Monday, October 17, 2005

I just caught a mouse in my room.

We all know that this building has mice -- we hear them scampering across our floors at night, and occasionally we even see one. They have a reputation for being audacious; I've heard a number of stories about students facing down mice who were clearly unafraid and unwilling to be intimidated. I've caught glimpses of my own mouse a few times, and I've certainly heard it running around at night -- some nights I try to bargain with it, "do whatever you want, just don't be so noisy." But tonight it was just sitting there on the floor under my chair, looking at me.

I clapped at it, whipped my blanket in its direction. It twitched, but it didn't run away. Now that, I thought, is a ballsy mouse.

I stood up and it went under the desk. I sat back down, and a few minutes later it appeared again. So I stood up and took a step towards it, but this time it didn't budge. Hmmmm. I could see it shaking, I could see it breathing hard, it was clearly terrified, but not running. I took a closer look and it turned around to face me squarely, and kinda fell over in the process -- this one had something wrong with it.

I'm a softy, okay? I used to lament the pigeons in Leicester Square, filthy, lice-ridden vermin, but the scraggly ones with the deformed feet were just too tragic not to toss french fries and bits of bread to. They get so little compassion in this life, I can't resist making one gesture of kindness, even if they do have brains the size of lentils and couldn't possibly understand or even care much either way. But it's not their fault they're dirty and diseased; they're as much living, feeling creatures as I am. I understand natural selection and all that, but I'm also easily moved by suffering. So seeing the poor little half-crippled mouse tore at my heart. Poor thing.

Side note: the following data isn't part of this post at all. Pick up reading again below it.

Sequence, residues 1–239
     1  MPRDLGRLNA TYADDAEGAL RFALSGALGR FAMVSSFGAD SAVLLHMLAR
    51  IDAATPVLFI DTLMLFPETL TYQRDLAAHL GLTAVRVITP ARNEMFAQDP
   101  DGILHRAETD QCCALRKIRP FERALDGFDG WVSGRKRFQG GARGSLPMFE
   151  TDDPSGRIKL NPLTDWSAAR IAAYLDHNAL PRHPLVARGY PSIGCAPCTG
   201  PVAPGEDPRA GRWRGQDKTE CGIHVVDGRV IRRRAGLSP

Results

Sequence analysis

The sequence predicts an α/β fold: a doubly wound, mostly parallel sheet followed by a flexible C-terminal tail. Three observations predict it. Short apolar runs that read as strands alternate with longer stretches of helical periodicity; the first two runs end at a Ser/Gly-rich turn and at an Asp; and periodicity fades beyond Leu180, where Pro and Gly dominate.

Still, we can't have vermin in the room, and I'm not in the market for a pet.

So I got a Tupperware container down from a shelf and carefully scooped the mouse up. I carried it outside to the side of the building -- to a nice place with a rock wall and some shrubs, lots of shelter -- and let it go. It ran a couple of feet, falling over now and then, and disappeared between two big chunks of slate.

Good luck, little mouse.
11:25 PM ::
Amy :: permalink